After the procedure he came into recovery room with a big smile and shared that I would be proud of him. I knew from my research genomic sequencing takes a larger sample so didn’t want to go back for a second procedure.

      I post my entire cancer journey on social media and have connected with doctors, scientist, nurses and bloggers, also concerned friends and family that all care about my wellbeing. So I know if I post my treatment plans I will hear from someone if I am off track.

      After posting about my tissue biopsy and I received a private message from my friend Bonnie, she asked if I was sending the tissue to Foundation Medicine? I said I didn’t think my healthcare provider would cover the cost. She gave me a person to contact and within a couple of days my tumor was on the way for testing. Foundation Medicine said they would bill my insurance and if there was an issue I could apply for financial assistance, but my wellbeing was there first priority.

      I had the results within two weeks of Foundation Medicine receiving my tissue sample. I was very impressed with the report, over 24 pages. It discussed my alterations and statics about my alterations, and even ones that I had expression for that did not yet have treatment protocols. The report also listed FDA approved treatments for my alterations and all the clinical trials that were available.

      Since my girlfriend Penny passed in 2014 from small cell lung cancer I have dedicated myself to advocating for lung cancer research and awareness. I became a Consumer Reviewer for the Department of Defense Lung Cancer Research Program in 2013 and advocate for numerous Lung Cancer groups .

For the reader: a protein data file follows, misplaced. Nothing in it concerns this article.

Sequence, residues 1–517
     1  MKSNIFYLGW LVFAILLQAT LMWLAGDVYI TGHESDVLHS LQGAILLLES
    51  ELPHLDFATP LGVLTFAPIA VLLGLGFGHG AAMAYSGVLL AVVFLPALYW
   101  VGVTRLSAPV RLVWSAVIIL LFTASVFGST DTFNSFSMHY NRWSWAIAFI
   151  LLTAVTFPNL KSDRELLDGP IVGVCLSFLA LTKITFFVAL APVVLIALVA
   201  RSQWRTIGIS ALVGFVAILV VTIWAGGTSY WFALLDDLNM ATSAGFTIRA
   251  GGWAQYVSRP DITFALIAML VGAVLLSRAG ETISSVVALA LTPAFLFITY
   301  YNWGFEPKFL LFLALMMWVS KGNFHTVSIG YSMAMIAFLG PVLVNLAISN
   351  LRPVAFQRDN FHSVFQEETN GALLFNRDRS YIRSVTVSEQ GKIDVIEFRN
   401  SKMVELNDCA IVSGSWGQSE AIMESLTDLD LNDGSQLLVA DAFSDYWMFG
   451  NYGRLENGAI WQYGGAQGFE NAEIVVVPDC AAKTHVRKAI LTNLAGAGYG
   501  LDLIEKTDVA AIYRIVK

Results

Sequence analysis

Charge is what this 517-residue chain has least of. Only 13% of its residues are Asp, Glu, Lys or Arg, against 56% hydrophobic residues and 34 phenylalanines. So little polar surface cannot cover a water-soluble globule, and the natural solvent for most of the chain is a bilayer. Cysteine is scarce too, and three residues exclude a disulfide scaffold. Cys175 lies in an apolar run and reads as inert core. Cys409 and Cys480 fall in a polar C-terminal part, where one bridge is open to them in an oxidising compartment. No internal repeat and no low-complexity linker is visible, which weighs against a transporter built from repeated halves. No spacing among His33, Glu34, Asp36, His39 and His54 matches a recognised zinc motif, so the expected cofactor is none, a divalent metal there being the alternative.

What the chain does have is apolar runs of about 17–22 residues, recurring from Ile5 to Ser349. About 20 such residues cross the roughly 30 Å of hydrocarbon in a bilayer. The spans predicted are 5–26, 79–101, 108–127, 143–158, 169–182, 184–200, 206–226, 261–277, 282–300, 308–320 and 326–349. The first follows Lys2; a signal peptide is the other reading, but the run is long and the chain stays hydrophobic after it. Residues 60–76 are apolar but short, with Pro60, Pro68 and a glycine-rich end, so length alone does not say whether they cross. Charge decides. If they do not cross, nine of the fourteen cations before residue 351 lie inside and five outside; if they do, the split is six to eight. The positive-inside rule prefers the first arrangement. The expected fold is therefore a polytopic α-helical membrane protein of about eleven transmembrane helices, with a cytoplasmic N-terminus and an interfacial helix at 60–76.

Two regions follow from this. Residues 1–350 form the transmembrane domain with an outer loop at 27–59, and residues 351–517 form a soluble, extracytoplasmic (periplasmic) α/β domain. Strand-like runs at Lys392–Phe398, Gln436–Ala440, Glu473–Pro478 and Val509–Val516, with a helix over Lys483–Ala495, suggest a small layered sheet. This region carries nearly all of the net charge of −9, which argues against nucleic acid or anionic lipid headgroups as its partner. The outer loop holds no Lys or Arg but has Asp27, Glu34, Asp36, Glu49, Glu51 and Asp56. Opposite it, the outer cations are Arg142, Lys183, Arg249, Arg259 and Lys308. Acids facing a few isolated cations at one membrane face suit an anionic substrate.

My connections with these groups have put me in touch with some of the top doctors, researchers and advocates in the lung cancer community. With my Foundation One report in hand I set out to look for a second opinion. I was shocked to find out after being stable on Tarceva for six years I had none of the common mutations, including EGFR. What showed up on the Foundation One report was NTRK1 without fusion and PIK3CA.

      I was able to connect with a top Oncologist at Mass General Hospital for a second opinion. He reviewed my reports and agreed with my decision that Opdivo (Nivolumab) was my next best option; I am now on my twenty fourth infusions and feeling great and again have stable disease.

      This last November I went to the ER for a collapsed right lung caused by a lung bleb (blister) from previous radiation. After 4 days in the hospital and the hole in my right lung would not heal I was transferred for surgery. They performed a Vats procedure to staple off the upper part of my right lung then performed a Talc procedure to insure the other blebs would not again collapse my lung.
      When I was diagnosed in 2009 with stage 4 non-small cell lung cancer I was given 8-12 months to live.

      It is because of precision medicine that I am still writing my story almost eight years later, and still mountain biking and enjoying life to the fullest.

      Penny never had the opportunity to benefit from precision medicine or treatments like immunotherapy. Penny passed on 1-21-2014 at my home in California surrounded by her family.

      My last promise to Penny was I would continue to advocate for lung cancer research and awareness. This opportunity to share our story helps me keep that promise to her, so I thank you. Feel free to connect with me on Facebook or Twitter don450sl

      Be well,
      Don Stranathan
      Stage 4 Lung Cancer Survivor

      9 months ago